(redirected from ritornellos)
Also found in: Dictionary.
The following article is from The Great Soviet Encyclopedia (1979). It might be outdated or ideologically biased.



(1) In vocal music of the 17th through early 18th centuries, short instrumental sections serving as introductions, intermezzi or codas. Sometimes a ritornello used as an introduction is repeated at the end of a piece as a coda. If the same ritornello is heard in the middle of a work as well as in the beginning and end, it may be referred to as a refrain. In modern Italian the terms “ritornello” and ripresa are synonyms.

(2) In dance music, the introductory and concluding sections.

(3) In ballet of the late 17th through early 18th centuries, an instrumental introduction to a dance.

(4) In poetry (especially Italian folk and medieval poetry) a special three-line stanza.

The Great Soviet Encyclopedia, 3rd Edition (1970-1979). © 2010 The Gale Group, Inc. All rights reserved.
References in periodicals archive ?
Stanford's approach is consistent: every song has a short piano ritornello that is a variation of the melody's first line, and the accompaniment is mostly chordal, with some running eighth notes and an occasional dissonance, permeated by the conservative Victorian sound of his oeuvre.
Unique to the concerto first-movement form is the structure of of the orchestral ritornello sections and how they are conected to the solo sections, which Koch describe' at length in its treatise.
If we now include more of the instrumental material, an even clearer and cleverer scheme appears, where the overture (86) is as 1:2 to the whole of the second part of the stanza, excluding the final ritornello (24 + 18 + 36 + 8 + 24 + 62 = 172).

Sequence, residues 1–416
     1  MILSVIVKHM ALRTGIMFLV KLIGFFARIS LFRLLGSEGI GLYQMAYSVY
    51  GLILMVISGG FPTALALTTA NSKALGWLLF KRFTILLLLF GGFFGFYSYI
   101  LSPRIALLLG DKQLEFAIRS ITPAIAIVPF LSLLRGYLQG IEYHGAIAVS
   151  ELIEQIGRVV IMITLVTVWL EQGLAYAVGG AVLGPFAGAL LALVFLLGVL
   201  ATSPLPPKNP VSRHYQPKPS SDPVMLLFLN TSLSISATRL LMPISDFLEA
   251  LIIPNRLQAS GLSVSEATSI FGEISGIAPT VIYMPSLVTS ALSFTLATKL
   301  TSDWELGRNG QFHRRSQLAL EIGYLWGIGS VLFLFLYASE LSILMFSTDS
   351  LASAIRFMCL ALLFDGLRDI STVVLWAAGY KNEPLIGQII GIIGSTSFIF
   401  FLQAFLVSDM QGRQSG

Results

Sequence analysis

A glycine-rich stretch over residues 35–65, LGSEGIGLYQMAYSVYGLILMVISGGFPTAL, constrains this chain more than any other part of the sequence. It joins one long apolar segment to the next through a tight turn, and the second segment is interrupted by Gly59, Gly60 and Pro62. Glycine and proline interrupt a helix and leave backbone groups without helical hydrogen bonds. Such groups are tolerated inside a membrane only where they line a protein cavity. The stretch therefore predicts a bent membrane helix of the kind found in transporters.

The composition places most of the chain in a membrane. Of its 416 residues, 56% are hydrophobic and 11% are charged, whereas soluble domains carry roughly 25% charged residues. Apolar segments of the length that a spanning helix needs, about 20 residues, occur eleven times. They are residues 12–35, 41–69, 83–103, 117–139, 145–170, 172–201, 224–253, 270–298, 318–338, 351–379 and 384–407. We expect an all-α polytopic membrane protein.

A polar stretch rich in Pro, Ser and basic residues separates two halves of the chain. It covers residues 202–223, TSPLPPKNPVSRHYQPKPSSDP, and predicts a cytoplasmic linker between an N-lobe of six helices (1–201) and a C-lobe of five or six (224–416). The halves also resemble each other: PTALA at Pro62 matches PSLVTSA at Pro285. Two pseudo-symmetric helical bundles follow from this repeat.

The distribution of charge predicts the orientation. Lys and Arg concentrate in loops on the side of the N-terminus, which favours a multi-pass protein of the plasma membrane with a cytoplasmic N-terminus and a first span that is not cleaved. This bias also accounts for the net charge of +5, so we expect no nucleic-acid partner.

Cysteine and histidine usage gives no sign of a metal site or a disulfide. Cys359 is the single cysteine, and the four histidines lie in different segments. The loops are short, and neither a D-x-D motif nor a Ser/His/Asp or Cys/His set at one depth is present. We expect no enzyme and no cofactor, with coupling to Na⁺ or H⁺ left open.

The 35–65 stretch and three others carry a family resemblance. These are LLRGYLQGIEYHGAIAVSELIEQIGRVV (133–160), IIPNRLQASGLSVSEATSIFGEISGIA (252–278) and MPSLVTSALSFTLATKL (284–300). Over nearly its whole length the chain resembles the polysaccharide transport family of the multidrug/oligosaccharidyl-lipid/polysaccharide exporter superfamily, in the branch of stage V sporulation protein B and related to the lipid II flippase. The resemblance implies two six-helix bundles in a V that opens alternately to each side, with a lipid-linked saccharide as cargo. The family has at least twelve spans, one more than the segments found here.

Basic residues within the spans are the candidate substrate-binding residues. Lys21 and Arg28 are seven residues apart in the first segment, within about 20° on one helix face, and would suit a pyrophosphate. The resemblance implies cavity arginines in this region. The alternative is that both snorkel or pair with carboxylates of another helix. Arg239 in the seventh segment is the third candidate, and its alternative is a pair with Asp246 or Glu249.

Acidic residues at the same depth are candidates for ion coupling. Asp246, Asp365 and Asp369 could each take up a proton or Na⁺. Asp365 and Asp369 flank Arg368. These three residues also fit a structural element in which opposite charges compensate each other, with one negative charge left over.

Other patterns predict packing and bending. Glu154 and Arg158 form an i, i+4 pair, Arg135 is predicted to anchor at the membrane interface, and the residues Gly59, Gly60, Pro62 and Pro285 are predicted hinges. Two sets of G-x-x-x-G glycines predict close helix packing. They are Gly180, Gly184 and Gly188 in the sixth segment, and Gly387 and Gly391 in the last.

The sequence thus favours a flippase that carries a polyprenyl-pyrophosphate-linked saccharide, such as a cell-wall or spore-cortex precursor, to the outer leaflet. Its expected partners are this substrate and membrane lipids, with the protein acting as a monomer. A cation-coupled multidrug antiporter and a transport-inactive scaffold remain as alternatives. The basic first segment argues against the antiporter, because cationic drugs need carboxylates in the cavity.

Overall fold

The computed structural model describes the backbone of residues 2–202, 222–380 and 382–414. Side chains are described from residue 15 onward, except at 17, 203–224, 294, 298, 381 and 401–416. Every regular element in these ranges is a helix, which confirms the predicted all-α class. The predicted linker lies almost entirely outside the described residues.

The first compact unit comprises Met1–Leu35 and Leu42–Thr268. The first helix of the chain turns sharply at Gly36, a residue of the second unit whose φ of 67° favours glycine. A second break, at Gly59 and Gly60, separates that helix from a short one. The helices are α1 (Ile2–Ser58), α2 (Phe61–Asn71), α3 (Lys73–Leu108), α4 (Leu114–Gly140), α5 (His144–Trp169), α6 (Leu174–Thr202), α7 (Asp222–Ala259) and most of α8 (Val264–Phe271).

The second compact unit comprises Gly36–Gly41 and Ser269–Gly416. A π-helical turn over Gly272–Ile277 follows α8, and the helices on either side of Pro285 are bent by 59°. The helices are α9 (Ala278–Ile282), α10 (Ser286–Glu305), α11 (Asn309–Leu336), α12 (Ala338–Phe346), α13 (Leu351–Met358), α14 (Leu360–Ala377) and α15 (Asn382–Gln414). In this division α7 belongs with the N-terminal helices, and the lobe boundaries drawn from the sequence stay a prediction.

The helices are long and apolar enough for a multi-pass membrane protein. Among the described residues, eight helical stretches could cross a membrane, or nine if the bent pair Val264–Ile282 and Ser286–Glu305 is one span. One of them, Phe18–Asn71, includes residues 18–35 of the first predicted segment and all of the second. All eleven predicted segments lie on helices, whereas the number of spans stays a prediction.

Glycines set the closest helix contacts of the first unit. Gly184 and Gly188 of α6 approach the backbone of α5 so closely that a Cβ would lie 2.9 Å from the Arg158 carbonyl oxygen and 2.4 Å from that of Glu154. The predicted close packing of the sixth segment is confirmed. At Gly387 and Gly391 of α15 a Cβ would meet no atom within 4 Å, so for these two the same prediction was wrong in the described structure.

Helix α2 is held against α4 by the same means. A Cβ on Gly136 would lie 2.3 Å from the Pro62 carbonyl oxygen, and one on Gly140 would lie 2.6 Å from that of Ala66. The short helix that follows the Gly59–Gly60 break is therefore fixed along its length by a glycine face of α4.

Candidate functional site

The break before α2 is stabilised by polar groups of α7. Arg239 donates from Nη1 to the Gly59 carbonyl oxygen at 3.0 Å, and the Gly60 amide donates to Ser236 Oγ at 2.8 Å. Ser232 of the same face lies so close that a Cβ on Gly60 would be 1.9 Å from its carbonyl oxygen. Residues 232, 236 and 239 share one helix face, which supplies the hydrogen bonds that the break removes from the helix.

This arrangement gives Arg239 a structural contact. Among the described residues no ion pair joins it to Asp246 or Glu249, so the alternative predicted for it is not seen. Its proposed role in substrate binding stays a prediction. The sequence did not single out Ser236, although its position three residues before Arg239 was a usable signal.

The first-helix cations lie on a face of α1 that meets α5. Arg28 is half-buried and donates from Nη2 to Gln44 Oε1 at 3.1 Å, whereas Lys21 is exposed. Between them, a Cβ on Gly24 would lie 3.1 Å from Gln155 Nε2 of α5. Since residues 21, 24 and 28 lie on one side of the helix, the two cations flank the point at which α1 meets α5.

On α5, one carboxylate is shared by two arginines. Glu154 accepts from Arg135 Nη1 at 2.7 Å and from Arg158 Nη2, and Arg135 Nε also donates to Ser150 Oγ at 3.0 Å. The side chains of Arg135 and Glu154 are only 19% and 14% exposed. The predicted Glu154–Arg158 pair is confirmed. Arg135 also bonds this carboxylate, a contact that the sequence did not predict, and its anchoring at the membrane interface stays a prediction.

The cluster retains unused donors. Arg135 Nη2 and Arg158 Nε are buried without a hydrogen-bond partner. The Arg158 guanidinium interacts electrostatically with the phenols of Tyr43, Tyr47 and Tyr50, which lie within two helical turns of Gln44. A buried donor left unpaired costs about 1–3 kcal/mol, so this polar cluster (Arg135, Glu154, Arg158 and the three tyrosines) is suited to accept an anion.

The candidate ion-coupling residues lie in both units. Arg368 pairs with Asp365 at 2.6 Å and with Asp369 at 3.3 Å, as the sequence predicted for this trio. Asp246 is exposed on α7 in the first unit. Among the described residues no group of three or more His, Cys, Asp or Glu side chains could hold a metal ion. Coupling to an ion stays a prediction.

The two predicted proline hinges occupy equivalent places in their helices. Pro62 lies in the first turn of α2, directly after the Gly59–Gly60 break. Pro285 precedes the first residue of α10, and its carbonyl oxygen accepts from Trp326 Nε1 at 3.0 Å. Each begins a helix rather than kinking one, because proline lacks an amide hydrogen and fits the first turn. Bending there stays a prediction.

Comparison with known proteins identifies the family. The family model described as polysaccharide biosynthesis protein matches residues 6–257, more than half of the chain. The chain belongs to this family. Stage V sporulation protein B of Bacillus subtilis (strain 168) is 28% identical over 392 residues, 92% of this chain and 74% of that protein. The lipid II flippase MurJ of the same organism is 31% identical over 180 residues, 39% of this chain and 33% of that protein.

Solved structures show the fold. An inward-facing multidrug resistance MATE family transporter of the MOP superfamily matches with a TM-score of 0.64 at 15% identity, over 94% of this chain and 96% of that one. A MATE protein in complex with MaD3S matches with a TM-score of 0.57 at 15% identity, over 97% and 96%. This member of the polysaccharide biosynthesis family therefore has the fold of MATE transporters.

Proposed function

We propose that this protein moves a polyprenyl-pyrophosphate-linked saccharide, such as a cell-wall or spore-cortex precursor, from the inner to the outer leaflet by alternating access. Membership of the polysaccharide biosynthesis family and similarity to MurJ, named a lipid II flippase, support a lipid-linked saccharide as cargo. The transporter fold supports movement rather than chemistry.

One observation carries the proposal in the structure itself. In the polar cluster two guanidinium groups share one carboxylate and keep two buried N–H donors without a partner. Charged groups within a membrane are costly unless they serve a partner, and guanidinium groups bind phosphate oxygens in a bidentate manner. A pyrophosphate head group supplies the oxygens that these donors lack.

The source contains the first violin part, or rather the upper melodic part for all the ritornellos that opened the individual songs of the collection, as well as for two songs (Nos.
Vivaldi's melodies often pour out over pulsating sixteenth notes, a technique reminiscent of his symphonic style and which is apparent in the vocal line as well as the ritornellos.
Indeed, it is the richly varied ritornellos that dominate, partly because the harpsichord sound is somewhat reticent, but partly because the delicate empfindsam sensitivity and occasional formulaic patterning of the solo part are less immediately arresting.
Lotti was possibly endeavouring to create an atmosphere of desolation and confinement in the orchestral ritornellos through repetitive oscillating and descending semiquaver figurations in the archlute/mandoline above reiterated tonic and dominant pedals in the bass.
The vast majority of solo movements are in the style of arias that begin with opening ritornellos, and when the voice enters with each line of the hymn text (to a melodic line not necessarily associated with the chorale), the chorale tune eventually emerges from the instrumental ensemble as a cantus firmus.
Vivaldi's "magnificent ritornellos" served Quantz and many others as a model for their own work.
The sixth concerto gives us, in its opening movement, two ritornellos for the price of one (the first of them containing a canon as 'silly' as the one in the first movement of Beethoven's Fourth Symphony).
As was a convention of the period, the soloist played during the ritornellos, in that way leading the performance; in the soloist's part, then, the solo/tutti distinction simply signals alternations in texture and function.